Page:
European stocks mostly higher, despite US data sparking inflation fears – CNBC

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European stocks posted minor gains Wednesday afternoon, as investors reacted to inflation data out of the U.S. and corporate earnings.

The pan-European Stoxx 600 was up 0.43 percent in afternoon deals, regaining its footing after both trading higher and lower in the session. Volatility in the region came after the much-anticipated release of the U.S. inflation data, which came in above expectations.

Sectors and bourses were mostly higher in afternoon trade, despite the U.S. opening sharply lower, with the Dow dropping more than 100 points around the beginning of trade.

Media stocks outpaced fellow sectors Wednesday, up almost 2 percent altogether, with Rupert Murdoch’s Sky among the top performers. The broadcaster saw shares rise over 2 percent. This came after the British firm announced that it had tightened its grip on live televised Premier League soccer matches. Sticking with the sector, Ses led the pack, trading up over 6 percent.

Looking at individual stocks, Credit Suisse reported a net loss of 983 million Swiss francs ($1.1 billion) for 2017 on Wednesday as U.S. tax write-downs resulted in a third consecutive annual loss. However, the latest figures from Switzerland’s second-largest bank were slightly better than analysts had expected. Shares jumped over 2.5 percent.

Coca-Cola HBC rose to the top of the STOXX 600, up 7 percent after reporting full-year sales and profits that came in above market estimates.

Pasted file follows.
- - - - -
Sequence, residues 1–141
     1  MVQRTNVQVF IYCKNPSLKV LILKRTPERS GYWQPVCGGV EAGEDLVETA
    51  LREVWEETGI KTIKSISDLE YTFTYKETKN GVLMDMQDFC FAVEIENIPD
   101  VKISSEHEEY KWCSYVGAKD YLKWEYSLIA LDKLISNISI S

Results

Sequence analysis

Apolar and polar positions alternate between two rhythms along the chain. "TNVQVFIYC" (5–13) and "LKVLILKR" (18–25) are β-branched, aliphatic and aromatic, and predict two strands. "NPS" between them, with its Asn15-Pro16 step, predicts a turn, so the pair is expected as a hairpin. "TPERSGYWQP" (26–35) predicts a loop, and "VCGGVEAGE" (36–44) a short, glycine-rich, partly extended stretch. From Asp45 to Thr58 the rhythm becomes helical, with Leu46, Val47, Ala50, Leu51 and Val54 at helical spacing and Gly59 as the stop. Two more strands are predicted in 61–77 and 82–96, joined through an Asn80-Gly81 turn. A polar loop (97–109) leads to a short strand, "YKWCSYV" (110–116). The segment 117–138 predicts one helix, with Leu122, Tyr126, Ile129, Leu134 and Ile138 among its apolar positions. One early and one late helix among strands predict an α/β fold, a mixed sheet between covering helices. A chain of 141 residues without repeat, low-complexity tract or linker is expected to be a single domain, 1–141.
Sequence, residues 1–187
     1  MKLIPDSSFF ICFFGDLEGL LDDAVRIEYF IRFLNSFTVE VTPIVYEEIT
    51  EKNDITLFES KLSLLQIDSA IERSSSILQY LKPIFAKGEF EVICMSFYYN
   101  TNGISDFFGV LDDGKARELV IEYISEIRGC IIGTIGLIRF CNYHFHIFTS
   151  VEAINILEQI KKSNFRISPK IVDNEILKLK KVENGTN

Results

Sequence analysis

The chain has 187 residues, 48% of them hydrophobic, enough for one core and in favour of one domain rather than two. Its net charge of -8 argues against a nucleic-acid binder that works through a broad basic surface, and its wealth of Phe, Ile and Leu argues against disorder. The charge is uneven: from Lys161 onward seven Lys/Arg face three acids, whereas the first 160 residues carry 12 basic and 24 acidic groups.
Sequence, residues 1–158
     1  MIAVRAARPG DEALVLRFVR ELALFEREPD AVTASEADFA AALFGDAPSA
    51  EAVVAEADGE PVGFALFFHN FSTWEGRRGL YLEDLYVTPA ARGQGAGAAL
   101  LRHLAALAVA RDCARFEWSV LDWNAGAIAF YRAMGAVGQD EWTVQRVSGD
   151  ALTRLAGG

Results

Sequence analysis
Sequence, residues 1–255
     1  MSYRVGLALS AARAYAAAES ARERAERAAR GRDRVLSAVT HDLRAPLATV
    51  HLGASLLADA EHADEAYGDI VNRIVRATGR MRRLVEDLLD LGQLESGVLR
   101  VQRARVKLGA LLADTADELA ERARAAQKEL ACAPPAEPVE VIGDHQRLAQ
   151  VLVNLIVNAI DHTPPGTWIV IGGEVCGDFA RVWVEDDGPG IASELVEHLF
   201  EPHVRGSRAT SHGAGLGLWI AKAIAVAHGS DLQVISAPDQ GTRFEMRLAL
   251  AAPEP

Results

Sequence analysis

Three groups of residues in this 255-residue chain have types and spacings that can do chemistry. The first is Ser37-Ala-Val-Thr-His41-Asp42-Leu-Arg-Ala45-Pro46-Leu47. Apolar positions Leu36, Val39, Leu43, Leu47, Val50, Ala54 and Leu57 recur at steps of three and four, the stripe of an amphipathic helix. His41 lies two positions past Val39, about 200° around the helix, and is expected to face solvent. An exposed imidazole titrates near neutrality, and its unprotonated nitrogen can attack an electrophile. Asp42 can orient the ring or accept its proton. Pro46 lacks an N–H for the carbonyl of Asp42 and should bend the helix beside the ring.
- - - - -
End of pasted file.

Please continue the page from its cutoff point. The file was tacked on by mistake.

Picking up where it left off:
France’s Credit Agricole posted a 33 percent jump in profits for the final three months of 2017, as its investment banking unit outperformed in challenging market conditions. Its shares slipped over 3.5 percent in trade.

Germany’s ThyssenKrupp also reported earnings Wednesday. The industrial and technology group said first-quarter operating profit had risen by more than a third amid a recovery in its steel unit. Its shares were off 2 percent in afternoon deals.

Swedish retailer H&M sank over 5 percent after the company reported that e-commerce sales were expected to rise by at least 25 percent in 2018, but sales in stores were likely to fall, before bouncing back in 2019.

Markets remained on edge during Wednesday’s session, with investors clearly scarred by last week’s frenzied U.S.-led market sell-off. In Asia, stocks finished the day relatively mixed as investors remained anxious over the U.S. inflation report due.

When the CPI data was released before Wall Street’s open, markets in the States tanked after consumer prices rose more than expected in January, sparking fears over inflation. The Consumer Price Index increased 0.5 percent last month against forecasts of a 0.3 percent rise. Headline CPI on an annualized basis also was above market expectations. The U.S. data weighed on European markets, causing the STOXX 600 to briefly go negative, before recovering some lost ground.

The euro area’s economy maintained a healthy growth pace at the end of 2017, paving the way for another robust performance in 2018. Gross domestic product (GDP) increased 0.6 percent from the previous three months, Eurostat reported Wednesday.

—CNBC’s Jeff Cox contributed to this report